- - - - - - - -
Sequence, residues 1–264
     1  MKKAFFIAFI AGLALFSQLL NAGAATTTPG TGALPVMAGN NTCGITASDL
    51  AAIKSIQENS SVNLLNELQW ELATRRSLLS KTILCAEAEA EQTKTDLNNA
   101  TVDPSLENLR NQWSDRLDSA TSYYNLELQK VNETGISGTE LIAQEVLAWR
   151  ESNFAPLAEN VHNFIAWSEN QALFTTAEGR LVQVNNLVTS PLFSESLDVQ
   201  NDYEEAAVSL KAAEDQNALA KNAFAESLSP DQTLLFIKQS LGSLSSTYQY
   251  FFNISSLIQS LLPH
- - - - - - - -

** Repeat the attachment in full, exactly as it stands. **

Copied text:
Sequence, residues 1–264
     1  MKKAFFIAFI AGLALFSQLL NAGAATTTPG TGALPVMAGN NTCGITASDL
    51  AAIKSIQENS SVNLLNELQW ELATRRSLLS KTILCAEAEA EQTKTDLNNA
   101  TVDPSLENLR NQWSDRLDSA TSYYNLELQK VNETGISGTE LIAQEVLAWR
   151  ESNFAPLAEN VHNFIAWSEN QALFTTAEGR LVQVNNLVTS PLFSESLDVQ
   201  NDYEEAAVSL KAAEDQNALA KNAFAESLSP DQTLLFIKQS LGSLSSTYQY
   251  FFNISSLIQS LLPH